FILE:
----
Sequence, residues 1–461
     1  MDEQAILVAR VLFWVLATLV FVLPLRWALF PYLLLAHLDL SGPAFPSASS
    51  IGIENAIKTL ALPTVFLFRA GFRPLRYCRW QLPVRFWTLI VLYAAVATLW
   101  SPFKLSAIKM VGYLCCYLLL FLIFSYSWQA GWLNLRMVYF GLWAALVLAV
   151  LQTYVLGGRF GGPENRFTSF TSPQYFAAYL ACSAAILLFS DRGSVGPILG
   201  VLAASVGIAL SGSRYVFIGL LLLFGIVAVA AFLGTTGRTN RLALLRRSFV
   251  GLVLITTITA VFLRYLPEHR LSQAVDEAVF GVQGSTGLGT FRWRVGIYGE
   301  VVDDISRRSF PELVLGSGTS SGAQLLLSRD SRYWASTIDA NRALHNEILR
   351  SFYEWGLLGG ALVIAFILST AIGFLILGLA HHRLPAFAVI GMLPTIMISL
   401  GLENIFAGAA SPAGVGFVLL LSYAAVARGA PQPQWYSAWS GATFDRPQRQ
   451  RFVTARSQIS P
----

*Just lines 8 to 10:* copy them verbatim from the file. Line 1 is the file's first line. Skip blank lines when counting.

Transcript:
   301  VVDDISRRSF PELVLGSGTS SGAQLLLSRD SRYWASTIDA NRALHNEILR
   351  SFYEWGLLGG ALVIAFILST AIGFLILGLA HHRLPAFAVI GMLPTIMISL
   401  GLENIFAGAA SPAGVGFVLL LSYAAVARGA PQPQWYSAWS GATFDRPQRQ